Not Just PTSD: New Developments in the Treatment of Complex Trauma - Higher Thought Institute
Session Description
Although PTSD is common among those who have been traumatized, and is associated with significant suffering, recent research indicates that only about a third of people in the general population will develop this disorder after a significant trauma, and many trauma survivors suffer from a broad range of other difficulties beyond PTSD. These include relational problems, emotional regulation difficulties, impaired selfawareness, and avoidance responses such as substance abuse, dissociation, and self-injury. This workshop outlines a nonpathologizing approach to these more complex post-traumatic presentations, including (a) the processing of implicit and explicit traumatic memories through titrated exposure, in vivo activation, and “interspersal,” (b) increasing emotional regulation capacities, and (c) the development of meta-cognitive awareness of triggered memories and their effects. The recently introduced notion of “deepening extinction” will be discussed in the context of memory reconsolidation theory, new ideas about counter-conditioning, and recent challenges to habituation as a justification for prolonged exposure.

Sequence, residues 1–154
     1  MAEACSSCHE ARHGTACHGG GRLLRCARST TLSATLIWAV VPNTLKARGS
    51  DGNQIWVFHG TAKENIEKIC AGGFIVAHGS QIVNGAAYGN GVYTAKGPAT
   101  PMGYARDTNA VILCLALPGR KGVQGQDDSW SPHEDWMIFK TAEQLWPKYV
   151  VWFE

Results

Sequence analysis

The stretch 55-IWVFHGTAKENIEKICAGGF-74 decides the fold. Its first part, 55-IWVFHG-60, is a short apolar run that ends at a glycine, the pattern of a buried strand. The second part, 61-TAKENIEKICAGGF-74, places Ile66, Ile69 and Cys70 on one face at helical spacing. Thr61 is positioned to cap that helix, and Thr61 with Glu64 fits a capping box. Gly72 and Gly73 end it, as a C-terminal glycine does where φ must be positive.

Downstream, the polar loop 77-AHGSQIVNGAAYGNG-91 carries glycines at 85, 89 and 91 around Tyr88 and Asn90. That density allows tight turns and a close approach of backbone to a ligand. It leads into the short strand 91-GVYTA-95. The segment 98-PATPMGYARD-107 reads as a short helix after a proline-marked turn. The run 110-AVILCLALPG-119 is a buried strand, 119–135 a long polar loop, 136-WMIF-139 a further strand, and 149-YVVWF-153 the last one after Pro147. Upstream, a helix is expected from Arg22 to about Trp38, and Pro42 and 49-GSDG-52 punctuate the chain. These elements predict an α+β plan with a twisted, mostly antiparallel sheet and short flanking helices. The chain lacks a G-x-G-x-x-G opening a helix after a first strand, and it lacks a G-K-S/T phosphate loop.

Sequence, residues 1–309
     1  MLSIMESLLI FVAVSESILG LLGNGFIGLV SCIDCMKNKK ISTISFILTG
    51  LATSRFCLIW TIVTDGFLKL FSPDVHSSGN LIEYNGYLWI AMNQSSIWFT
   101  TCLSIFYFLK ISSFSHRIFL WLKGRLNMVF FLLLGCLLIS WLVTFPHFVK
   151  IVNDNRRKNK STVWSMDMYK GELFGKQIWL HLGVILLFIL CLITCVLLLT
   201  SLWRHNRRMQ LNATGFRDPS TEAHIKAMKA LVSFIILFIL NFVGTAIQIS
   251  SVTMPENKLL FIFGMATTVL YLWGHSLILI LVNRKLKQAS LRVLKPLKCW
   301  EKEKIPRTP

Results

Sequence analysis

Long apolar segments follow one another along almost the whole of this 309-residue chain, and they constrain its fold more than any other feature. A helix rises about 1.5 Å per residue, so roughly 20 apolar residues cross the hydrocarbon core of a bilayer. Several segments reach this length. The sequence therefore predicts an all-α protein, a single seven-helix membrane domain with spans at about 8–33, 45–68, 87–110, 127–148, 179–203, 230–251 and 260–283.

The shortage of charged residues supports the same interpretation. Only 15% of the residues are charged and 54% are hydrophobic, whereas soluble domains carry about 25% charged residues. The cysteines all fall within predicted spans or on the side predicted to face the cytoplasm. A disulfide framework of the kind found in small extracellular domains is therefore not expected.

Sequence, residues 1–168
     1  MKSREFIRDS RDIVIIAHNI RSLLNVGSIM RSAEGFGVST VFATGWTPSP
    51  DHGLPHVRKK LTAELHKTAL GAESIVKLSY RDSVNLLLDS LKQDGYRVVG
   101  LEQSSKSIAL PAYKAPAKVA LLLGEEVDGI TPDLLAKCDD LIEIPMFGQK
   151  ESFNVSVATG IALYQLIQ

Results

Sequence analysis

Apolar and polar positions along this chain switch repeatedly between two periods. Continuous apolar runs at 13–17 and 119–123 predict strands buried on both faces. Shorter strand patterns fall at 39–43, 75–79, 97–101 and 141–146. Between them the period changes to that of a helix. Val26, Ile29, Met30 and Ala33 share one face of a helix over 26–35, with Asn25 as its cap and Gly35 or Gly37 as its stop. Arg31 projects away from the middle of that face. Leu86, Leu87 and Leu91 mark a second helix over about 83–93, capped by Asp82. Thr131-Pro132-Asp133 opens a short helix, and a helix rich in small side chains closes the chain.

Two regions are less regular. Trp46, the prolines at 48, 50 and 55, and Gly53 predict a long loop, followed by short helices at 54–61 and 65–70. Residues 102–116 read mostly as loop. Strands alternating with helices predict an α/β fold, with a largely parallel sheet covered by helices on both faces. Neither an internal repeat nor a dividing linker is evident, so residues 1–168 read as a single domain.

Learning Objectives
Describe three major impacts of complex trauma exposure
Define interspersal as a therapeutic technique
Explain how memory re-consolidation may underlay trauma therapy effects

September 28 @ 10:30
10:30 — 12:00 (1h 30′)

John Briere, PhD

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